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Miami Business & Commercial Law Blog

When should you update your will?

Creating a will is not a one-time-only deal. This essential document must be current for it to best serve your wishes and benefit your family. However, how often should you review it to see if it requires modification?

The simple answer is to do so every one to three years depending on the complexity of your assets. But regardless of the time frame, you should always revise your will whenever there is a major change in the following areas of your life.

$11 million Florida settlement may put developers on notice

According to a recent article published by The Real Deal in Miami, Florida, a judge approved an $11 million settlement in favor a homeowners’ association after the trial revealed the developer and its agents breached fiduciary duties to the association and acted in a manner that violated public policy. The judge also found that the developer, D.R. Horton and its employees “engaged in ‘immoral, unethical, oppressive, and unscrupulous’ trade practices.” Evidence presented at trial showed that the developer’s agents had not only failed to act in the best interests of the homeowners’ association for Majorca Isles in Miami Gardens, Florida but had engaged in “practices ‘that offend established public policy for its financial benefit.’”

In its order, published by the U.S. Government Publishing Office, the United States Bankruptcy Court for the Southern District of Florida issued its findings of facts, wherein it found that D.R. Horton’s agents were directors on the Master Association’s board as well as local associations and, consequently, owed duties of loyalty, good faith, and care to the association but simultaneously maintained conflicts of interest. According to the judge, D.R. Horton and its agents breached that duty when, among other things, they conspired to divert funds away from the association, purposely avoided the collection of revenues owed to the association, and failed to maintain meaningful financial records.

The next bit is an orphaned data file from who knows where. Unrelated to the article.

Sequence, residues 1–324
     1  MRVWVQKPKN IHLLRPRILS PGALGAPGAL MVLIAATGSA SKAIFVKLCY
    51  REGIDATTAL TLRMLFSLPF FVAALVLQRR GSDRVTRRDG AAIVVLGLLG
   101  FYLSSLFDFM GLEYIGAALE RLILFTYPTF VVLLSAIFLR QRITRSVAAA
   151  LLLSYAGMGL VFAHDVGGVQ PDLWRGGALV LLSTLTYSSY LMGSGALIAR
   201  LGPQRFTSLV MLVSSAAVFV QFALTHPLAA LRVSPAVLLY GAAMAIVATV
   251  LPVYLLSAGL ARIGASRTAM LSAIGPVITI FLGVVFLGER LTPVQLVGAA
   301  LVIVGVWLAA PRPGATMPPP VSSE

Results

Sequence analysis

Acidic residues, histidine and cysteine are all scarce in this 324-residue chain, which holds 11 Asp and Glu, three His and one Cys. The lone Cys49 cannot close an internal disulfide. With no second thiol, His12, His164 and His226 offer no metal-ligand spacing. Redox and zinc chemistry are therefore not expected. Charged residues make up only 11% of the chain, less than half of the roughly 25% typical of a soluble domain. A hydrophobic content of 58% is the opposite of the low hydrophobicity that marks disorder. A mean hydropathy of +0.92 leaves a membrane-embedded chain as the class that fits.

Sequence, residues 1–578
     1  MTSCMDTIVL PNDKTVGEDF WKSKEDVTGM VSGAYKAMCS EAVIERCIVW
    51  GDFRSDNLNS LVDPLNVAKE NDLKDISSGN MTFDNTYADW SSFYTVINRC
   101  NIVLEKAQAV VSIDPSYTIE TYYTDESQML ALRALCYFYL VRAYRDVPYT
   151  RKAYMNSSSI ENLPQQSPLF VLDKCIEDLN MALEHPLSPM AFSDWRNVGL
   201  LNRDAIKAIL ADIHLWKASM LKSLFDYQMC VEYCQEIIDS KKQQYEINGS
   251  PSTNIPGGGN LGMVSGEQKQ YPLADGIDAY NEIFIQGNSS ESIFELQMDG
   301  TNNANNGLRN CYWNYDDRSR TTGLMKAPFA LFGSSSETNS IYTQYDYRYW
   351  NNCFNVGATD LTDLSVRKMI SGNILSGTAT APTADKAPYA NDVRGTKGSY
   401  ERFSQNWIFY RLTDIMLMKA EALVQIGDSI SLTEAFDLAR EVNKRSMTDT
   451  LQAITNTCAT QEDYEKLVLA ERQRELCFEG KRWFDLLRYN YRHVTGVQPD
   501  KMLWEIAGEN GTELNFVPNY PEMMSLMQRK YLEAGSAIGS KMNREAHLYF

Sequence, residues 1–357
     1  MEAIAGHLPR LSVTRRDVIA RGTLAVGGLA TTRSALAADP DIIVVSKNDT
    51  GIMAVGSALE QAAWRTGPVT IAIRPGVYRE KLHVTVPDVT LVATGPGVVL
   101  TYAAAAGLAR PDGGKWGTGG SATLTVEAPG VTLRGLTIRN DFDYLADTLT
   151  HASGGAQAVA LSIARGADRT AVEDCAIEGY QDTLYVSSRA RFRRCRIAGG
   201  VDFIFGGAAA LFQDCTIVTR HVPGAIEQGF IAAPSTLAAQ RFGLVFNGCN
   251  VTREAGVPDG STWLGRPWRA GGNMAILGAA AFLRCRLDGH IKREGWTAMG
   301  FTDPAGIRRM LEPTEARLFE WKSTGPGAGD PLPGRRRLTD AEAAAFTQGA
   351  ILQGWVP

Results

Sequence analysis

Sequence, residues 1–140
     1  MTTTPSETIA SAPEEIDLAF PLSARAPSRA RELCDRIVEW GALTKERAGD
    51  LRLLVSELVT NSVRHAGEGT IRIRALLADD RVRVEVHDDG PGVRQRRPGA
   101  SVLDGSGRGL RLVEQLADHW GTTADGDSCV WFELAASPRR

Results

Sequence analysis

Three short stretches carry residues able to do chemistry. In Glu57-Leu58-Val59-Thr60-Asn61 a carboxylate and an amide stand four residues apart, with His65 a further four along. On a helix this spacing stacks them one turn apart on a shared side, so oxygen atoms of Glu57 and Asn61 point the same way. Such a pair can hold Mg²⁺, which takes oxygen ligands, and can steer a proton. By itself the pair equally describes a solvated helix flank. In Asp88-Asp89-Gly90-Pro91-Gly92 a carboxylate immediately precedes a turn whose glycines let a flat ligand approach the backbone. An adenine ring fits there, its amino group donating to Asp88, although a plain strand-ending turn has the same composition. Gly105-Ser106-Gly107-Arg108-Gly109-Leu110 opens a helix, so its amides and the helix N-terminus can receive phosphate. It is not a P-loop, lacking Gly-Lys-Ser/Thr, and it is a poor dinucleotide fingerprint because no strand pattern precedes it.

Deceptive trade practices covered by the FTCA

In the Florida business world, some people will do just about anything to get a sale or increase their customer base. Luckily, the government has instituted policies to keep competition fair and prevent unjust actions. One of these laws is the Federal Trade Commission Act.

 

What employers need to know about employee handbooks

When a business in Miami hires a new employee, it can be difficult and time consuming to inform and train that person on all of the company’s rules and regulations. Some business owners chose to publish and distribute an employee handbook for that purpose.

The Balance points out that, while not mandatory under the law, employee handbooks can be very beneficial. They give employees a good idea of what is expected of them and what the company’s policies are toward things like employee conduct, disciplinary measures and how conflicts will be handled. Handbooks can also cover topics such as sick leave, maternity leave and other types of paid time off that the company may or not provide.

Understanding Florida construction liens

Florida contractors who work on a project only to face failure to pay have several remedies to get payment. A popular option is the construction lien, which allows contractors to file a lien on the improved real property, giving it the status of security.

Construction liens must comply with a variety of legal requirements. Contractors must take care to ensure proper filing, as failure to do so may lead to legal repercussions and a finding of fraudulent lien in some cases.